If a case is not resolved at the Readiness Hearing, the next hearing is the Settlement Conference. A Settlement Conference is an opportunity for a judge to talk to the prosecutor and the minor's attorney. Discussions revolve around the offense, the minor, and what placement or program would be beneficial to the minor yet still protect the community. Although a judge will not have a social study report with all of the pertinent information about the minor, a judge can still indicate a case sentencing plan, provided the social study report does not list anything new or significant information which was not known at the time of the Settlement Conference. If the minor admits the petition, the case is set for a Dispositional Hearing. If the minor does not admit, the case is set for a Jurisdictional Hearing.
If a minor does not admit the charges and allegations in the petition, the case is set for a trial. Juvenile trials are called Jurisdictional Hearings or Adjudications. They are heard and decided by a judge, not a jury. Juveniles are not entitled to a jury trial unless they are being tried as adults. A judge will hear the evidence in the case as presented by the District Attorney's Office and the defense. The criminal rules of evidence apply to the hearing and the proof required is proof beyond a reasonable doubt.
If a minor does not waive time, a Jurisdictional Hearing is set 15 judicial days from the date of the Detention Hearing for an in-custody minor, and 30 calendar days from the initial court hearing for a minor who is out of custody.
If the minor admitted the petition or a court found the petition to be true after a Jurisdictional Hearing, the court will hold a Dispositional Hearing. The Dispositional Hearing is the Juvenile Court version of a sentencing hearing. At the Disposition Hearing, the judge declares the minor a ward of the court and then places the minor in a program or in custody. This is done to benefit the minor and protect the community.
If a minor is 16 years or older and is charged with committing certain serious offenses, the District Attorney's Office has the option of requesting a hearing to determine whether a minor is fit to be dealt with in the juvenile court system or should be tried as an adult. At the hearing a court will consider evidence related to the behavioral patterns and social history of the minor and make a decision to try the minor as a juvenile or an adult.
Officers, victims or Probation Officers can still be called in to court for hearings after a minor has admitted a petition.
Restitution hearings are set if the amount of restitution is disputed and was not resolved when the minor admitted the charges.
Probation Violation/Evidentiary hearings are set if the minor has violated specific conditions of probation, but not necessarily committed a new offense. The burden of proof in an evidentiary hearing for a probation violation is preponderance of the evidence and reliable hearsay is admissible.
Juvenile Rehabilitation Programs
Perhaps the primary difference between the juvenile justice system and the adult system is the goal of rehabilitation as opposed to punishment. This goal is clearly reflected in the options available for disposition. Juvenile offenders are "sentenced" to participate in programs designed to meet their specific needs and level of delinquency. See the following information on various rehabilitation programs available for juvenile offenders.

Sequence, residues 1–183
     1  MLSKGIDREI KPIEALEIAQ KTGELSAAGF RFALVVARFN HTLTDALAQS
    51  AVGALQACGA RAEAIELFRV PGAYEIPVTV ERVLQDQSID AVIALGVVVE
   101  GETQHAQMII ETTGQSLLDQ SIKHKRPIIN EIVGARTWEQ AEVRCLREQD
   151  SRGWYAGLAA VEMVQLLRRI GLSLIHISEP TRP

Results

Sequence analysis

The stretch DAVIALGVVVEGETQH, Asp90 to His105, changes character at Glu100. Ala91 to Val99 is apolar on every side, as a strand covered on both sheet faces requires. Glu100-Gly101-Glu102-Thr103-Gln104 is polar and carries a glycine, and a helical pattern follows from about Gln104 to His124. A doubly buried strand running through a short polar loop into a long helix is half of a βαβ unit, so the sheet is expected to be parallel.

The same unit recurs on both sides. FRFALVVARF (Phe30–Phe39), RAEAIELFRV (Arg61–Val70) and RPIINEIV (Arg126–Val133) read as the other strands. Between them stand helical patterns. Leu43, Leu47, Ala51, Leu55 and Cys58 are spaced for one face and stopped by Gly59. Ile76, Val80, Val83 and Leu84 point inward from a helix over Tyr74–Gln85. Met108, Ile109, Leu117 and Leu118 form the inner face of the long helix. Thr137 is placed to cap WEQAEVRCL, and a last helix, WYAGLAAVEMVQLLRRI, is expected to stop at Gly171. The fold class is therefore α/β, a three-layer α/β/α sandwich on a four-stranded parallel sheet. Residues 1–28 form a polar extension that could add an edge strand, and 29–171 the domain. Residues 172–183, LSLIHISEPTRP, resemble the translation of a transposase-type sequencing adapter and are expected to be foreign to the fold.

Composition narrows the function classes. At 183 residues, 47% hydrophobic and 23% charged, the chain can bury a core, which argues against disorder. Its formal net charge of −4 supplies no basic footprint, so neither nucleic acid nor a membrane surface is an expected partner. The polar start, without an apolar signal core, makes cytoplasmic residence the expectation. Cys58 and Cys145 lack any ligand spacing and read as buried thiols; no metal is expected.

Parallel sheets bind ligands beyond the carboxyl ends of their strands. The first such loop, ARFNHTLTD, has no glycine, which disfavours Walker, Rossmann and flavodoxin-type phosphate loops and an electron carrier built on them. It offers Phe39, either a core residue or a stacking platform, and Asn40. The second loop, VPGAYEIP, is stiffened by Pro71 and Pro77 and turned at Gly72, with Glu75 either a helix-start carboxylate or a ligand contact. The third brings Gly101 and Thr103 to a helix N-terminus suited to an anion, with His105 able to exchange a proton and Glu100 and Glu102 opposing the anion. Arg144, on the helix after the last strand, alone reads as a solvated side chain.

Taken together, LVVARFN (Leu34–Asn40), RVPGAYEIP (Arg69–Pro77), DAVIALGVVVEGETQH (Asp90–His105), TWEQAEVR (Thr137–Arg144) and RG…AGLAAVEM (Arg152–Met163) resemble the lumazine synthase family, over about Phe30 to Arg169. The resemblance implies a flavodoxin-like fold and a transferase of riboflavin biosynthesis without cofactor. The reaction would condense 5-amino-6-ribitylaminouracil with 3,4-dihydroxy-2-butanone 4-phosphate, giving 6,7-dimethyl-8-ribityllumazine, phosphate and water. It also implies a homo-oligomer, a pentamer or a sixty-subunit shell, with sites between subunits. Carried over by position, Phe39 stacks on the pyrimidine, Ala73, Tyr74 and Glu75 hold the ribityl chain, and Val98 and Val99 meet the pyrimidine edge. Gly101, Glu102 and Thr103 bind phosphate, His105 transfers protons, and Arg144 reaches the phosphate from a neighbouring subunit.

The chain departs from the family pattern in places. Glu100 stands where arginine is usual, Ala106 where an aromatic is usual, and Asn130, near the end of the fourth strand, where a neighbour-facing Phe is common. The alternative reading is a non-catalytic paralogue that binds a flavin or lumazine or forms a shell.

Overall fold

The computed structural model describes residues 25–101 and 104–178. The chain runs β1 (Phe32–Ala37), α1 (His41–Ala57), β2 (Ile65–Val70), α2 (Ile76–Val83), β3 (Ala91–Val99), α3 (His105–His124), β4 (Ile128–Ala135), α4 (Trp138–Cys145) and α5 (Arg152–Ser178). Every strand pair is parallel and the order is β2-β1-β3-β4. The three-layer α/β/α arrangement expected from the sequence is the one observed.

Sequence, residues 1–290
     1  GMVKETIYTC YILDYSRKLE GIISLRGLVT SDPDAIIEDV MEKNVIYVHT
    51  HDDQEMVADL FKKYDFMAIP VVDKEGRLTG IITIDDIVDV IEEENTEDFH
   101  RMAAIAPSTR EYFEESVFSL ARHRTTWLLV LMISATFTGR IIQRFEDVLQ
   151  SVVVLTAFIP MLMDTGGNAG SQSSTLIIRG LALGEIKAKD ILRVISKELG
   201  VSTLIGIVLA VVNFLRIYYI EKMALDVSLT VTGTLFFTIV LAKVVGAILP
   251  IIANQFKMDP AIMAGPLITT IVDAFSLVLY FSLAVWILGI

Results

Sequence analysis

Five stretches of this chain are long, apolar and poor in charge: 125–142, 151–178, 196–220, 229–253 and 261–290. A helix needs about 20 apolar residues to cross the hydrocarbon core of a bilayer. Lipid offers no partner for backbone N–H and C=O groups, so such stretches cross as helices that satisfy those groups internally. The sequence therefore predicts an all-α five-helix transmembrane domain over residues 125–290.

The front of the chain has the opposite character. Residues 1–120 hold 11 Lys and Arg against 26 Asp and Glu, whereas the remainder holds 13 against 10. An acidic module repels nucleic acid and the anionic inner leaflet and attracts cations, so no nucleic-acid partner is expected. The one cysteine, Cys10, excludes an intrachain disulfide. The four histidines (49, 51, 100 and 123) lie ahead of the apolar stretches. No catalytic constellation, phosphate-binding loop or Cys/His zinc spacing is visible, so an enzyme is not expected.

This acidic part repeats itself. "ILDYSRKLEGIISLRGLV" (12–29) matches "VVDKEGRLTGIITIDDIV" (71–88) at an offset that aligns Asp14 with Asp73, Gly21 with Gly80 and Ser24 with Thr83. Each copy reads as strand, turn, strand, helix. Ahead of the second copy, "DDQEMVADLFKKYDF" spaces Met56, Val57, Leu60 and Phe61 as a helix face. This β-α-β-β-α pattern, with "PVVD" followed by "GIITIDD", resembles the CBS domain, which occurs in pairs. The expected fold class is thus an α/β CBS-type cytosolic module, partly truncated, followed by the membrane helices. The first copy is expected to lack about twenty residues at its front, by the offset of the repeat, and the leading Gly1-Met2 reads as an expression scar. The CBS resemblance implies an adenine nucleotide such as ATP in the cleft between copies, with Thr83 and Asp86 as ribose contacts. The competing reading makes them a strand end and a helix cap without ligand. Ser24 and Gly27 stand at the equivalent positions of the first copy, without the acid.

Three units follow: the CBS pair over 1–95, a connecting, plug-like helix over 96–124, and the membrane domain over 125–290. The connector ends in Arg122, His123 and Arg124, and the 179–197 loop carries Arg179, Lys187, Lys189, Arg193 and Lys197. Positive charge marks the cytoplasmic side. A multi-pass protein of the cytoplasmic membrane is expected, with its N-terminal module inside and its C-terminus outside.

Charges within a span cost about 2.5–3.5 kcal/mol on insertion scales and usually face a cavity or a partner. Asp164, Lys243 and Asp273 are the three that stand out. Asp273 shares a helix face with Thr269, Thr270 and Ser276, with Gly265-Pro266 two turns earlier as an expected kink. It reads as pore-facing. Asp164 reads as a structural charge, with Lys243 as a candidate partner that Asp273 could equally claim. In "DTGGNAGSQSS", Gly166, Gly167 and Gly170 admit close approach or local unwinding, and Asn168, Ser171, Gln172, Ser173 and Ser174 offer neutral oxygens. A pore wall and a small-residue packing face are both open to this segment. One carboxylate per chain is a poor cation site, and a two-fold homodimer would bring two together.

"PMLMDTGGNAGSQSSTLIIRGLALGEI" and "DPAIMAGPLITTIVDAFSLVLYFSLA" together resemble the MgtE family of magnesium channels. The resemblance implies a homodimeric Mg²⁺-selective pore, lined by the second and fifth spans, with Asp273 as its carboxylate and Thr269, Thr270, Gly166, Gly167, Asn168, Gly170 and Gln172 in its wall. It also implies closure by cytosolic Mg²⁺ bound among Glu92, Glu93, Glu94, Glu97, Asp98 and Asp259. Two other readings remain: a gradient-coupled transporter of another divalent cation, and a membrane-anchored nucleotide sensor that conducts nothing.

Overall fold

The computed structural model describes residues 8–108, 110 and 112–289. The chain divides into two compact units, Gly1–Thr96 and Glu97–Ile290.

Home Supervision and ESP
Home Supervision or "house arrest" can occur in lieu of physical confinement pending each successive step in the minor's proceedings or even as a part of the minor's disposition. Essentially, while on home supervision, the minor must remain at home at all times, must not use the telephone, and must abide by certain specified conditions. Usually, the court will provide exceptions to home supervision to allow the minor to leave the house to attend school activities. When minors in Breaking Cycles are released from custody at JRF or GRF, they are initially placed on home supervision to facilitate the transition to the less structured home setting.
If the minor needs special attention or monitoring the court may order that the minor be placed on home supervision with electronic surveillance (ESP). With this condition, the minor must wear an ankle bracelet. The bracelet is a water-proof device which transmits a continuous signal to a field monitoring device (FMD) - which is attached to the phone line in the house. Violations are reported via the telephone line. The bracelet has built-in sensors to detect tampering, and in the event of a power failure, the FMD device has a back-up battery that keeps the system running. For obvious reasons, ESP is not an option for families without a land phone line./p>
Home supervision can also be an option for minors with limited custody time. When a minor is adjudged a ward of the court, section 726 of the Welfare and Institutions Code states that the minor shall not be held in "physical confinement" for a term exceeding the maximum term of imprisonment as determined under Penal Code section 1170. Section 726 further provides that "physical confinement" includes placement in a juvenile hall, ranch, camp, forestry camp, or secure juvenile home pursuant to W&IC § 730, as well as any institution operated by the Youth Authority. This does not include home supervision.
Formerly known as Youth Correctional Center, Camp Barrett provides treatment and education for seriously delinquent boys ages 16-1/2 to 19 years old. The program can accommodate 125 boys who are house in 3 separate dormitories. The goal of the program is to provide youthful offenders with the training and skills necessary for successful reintegration into society.
The following types of juveniles are NOT appropriate for Camp Barrett:
1. Juveniles with a history of arson or sex offenses